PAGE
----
“The remote can be more familiar to us than the near.” – Marcel Proust
My dad died in 1999 after a long illness. The last couple of years of his life were pretty miserable. My brother and I hadn’t yet rented the rehearsal studio we use for our band so we got together once a week over bagels in midtown to commiserate over the inevitable impending death of the man who was (and remains) our great mentor.
After my died died a funny thing happened. The last few years of dialysis, amputations and the descent into oblivion faded away and the memories flooded back of the man’s long drives to the beach, fresh perked coffee on Christmas morning and the ferocious sense of humor that laughed in the face of such trivia as time and death.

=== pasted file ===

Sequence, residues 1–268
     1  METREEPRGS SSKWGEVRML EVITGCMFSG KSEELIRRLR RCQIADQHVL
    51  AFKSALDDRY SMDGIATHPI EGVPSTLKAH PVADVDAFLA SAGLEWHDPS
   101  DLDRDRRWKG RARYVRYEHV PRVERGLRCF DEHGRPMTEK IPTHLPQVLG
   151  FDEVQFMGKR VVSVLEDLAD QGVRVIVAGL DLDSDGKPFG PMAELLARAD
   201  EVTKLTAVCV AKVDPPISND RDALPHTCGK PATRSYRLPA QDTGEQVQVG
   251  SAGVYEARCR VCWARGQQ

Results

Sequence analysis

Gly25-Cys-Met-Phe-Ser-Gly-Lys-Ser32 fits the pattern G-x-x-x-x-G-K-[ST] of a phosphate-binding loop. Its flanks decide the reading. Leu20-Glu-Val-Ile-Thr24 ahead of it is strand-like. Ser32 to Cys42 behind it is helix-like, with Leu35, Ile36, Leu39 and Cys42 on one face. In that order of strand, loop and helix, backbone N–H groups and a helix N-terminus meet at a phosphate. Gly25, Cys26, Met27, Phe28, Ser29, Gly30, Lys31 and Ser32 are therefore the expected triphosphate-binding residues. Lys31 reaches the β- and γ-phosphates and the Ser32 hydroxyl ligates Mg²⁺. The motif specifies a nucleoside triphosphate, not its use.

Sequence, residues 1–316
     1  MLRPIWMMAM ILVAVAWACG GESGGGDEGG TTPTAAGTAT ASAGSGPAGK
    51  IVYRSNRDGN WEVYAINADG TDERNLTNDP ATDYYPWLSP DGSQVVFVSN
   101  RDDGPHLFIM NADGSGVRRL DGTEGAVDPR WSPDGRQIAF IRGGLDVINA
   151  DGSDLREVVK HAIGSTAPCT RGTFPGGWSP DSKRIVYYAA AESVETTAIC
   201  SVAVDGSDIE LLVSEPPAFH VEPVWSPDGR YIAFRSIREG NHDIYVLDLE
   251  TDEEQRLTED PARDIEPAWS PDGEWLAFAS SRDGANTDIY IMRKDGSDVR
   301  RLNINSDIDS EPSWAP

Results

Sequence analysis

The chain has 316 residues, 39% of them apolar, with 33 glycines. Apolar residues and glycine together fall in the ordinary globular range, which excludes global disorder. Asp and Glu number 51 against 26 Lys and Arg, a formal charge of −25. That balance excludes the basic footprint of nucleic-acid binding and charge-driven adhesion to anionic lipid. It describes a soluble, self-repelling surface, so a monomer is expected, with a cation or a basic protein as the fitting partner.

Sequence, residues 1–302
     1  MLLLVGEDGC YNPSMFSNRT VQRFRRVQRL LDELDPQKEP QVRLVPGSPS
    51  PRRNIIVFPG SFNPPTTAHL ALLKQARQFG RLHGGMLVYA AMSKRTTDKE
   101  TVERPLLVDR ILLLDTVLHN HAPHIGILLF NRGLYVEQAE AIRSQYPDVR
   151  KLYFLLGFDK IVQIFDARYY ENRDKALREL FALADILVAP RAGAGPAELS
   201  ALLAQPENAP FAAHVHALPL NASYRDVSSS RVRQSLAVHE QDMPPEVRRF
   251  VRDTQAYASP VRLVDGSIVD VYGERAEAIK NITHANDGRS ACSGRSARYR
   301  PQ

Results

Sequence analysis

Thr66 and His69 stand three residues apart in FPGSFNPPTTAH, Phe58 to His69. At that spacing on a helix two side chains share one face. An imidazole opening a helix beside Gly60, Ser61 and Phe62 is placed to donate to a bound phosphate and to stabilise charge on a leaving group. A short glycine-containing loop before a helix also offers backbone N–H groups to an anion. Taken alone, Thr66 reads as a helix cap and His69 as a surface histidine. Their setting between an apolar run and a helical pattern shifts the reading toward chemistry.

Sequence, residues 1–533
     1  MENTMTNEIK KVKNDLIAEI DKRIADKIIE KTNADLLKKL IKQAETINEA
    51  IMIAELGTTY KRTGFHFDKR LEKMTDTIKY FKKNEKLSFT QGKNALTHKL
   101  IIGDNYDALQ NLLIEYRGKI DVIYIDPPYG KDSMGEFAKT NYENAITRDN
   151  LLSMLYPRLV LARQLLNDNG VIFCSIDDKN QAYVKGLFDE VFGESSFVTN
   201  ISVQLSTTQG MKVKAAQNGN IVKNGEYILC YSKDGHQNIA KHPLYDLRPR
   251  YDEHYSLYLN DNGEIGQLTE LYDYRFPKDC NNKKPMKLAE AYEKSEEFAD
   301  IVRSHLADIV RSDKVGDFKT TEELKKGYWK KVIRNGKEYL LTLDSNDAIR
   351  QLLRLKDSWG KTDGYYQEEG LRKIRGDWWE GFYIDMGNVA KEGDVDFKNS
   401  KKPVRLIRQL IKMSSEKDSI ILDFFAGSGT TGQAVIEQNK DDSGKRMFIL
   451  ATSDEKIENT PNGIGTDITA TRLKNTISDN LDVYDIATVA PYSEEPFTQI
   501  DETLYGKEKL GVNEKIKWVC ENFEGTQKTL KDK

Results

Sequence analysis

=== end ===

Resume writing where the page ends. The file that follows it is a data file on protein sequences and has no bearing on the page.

My son went away to college last year. I alternated between excitement and dread in the months leading up to the day we drove together to DC and came back without him.
After he’d gone a funny thing happened. The last few years of high school and preparations for college faded and memories of an earlier time started bubbling to the surface with more familiarity than more recent ones. His childhood, and my early days fatherhood, the days of both of us learning, together, about the beauty and wonder of life, reverberated with surprising freshness.
“Now he’s gone, now he’s gone, Lord he’s gone, he’s gone.
Like a steam locomotive, rolling down the track
He’s gone, he’s gone and, nothing’s gonna bring him back…He’s gone.” – Robert Hunter
Time passes and things change. Childhood and even old age go away. But people don’t. He’s not gone. And neither is he. And they never will be.